I took my kids to see The Hunger Games yesterday. I think I may have been more excited to see it than they were, even though my oldest read the books so fast he practically ate them. This won't be a review, though I did love the movie. It's more of a musing about why I like the story so much. And for me, it comes down to character development. While the characters in young adult books are generally pretty black and white depictions - it seems to me that "obvious" is the rule in "YA", nuance not part of the program - Katniss seems to have her gray areas. Or at least contradictions. She's complicated! Yes she's tough. Yes she's pretty pissed. Yes she's fiercely protective of her family, primarily her little sister, Prim. These are the notes she generally strikes. She's a stoic competitor having been raised in the darkest of circumstances in District 12 (the coal mining district), having lost her father as a young girl, and having stepped into take care of the family when her mom had a breakdown.
But she's a stoic who knows she isn't really all that tough. She weeps uncontrollably when Rue is lost to the Games. She orders her mother not to cry or fall apart after the Reaping, though she herself can't stop shaking. She falls into Peeta's affection and comfort though she'd never ask for it. I like this gal. And yes, I can relate. I've been called a "stoic" as well, by former gymnasts from my competing days. I was surprised by this assessment of my carriage during competition, during training. I felt like a mess, one step away from falling apart at all times. But I suppose I held it together. Through injuries, through disappointments, through losses. I learned the stoic's demeanor at a young age. Weakness in the gym, amongst competitors, got you no where. And I suppose Katniss feels the same way.
Will she accept kindness when it is offered? Surely. Will she ask for it... no way. But that is the lesson in adulthood - for me. To be willing to ask for help. To be willing to fall apart a little. Or a lot, if that is where it goes. Being a divorced mother of two doesn't help here really. Not a ton of places to go to ask for help. It's reinforcing my inclination towards stoicism as I actively try to unlearn these behaviors. It's a quandary, no doubt.
But back to the movie. I like Katniss. I relate to her. And Jennifer Lawrence played a mean Katniss. She's not too perfect looking. She's pretty but not preciously so. Yes she's older than the Katniss in the books but I'm not sure it matters. I suppose the weight of being the family caretaker is that much more intense when Katniss is fifteen as she is in the book. Whereas Jennifer Lawrence (not sure how old she is) reads more like 20. But her situation is still rough. She's had to volunteer for the Games to protect Prim! The Games are a fight to the death to pay penance and/or homage to a dastardly government who supposedly protects it's citizens from deathly uprisings. Someone a little older - and twenty isn't exactly old - brings some gravitas to the part. Worked for me, though I know some folks are a little riled up over it. Simmer down, it is just a movie. There is some license taken when translating a book into a movie. This worked in my humble opinion.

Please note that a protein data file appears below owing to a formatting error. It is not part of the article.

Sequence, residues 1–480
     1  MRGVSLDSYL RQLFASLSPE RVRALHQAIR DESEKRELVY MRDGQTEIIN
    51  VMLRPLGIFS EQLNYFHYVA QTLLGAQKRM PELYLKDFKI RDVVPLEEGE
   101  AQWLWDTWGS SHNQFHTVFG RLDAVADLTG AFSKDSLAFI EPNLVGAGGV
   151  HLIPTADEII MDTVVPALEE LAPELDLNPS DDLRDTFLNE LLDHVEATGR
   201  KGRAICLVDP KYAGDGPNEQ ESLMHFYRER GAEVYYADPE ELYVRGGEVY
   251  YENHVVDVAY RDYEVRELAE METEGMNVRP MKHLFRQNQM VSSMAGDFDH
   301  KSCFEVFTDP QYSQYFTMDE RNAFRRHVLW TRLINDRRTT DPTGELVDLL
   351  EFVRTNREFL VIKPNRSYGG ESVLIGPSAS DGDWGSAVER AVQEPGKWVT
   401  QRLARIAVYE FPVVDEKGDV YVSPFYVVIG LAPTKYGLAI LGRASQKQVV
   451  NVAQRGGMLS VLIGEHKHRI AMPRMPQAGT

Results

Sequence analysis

Elizabeth Banks as Effie. Loved. Lennie Kravitz as Cinna - worked for me, though I pictured Cinna way gay-er in the book. I pictured him as an over the top hair stylist, with Queer Eye for the Straight Gal flamboyance. But Lennie brought some dignity to the role, even with the gold eyeliner. And Josh Hutcherson as Peeta? Worked for me! Sweet, empathetic, kind but not useless. Strong, protective. Honorable. Woody as Haymitch? He treated Haymitch with a tad more kindness and dignity than the book conveyed. He clearly drank too much in the movie but he didn't come across as an angry, hopeless drunk. He kinda had it together. His heart still a bit more in tact than it seemingly was on the printed page. I wouldn't have minded a bit more darkness in that character. Rue - darling. Heartbreaking. How did I have no idea that she was black from the books? That the black people all came from District 11? I missed that racial commentary somehow.
So there. I liked everyone. I liked it all. Can't wait for the next one. And yes I'm a little too into the whole thing. But not really. It's fun to get swept up every once in a while though.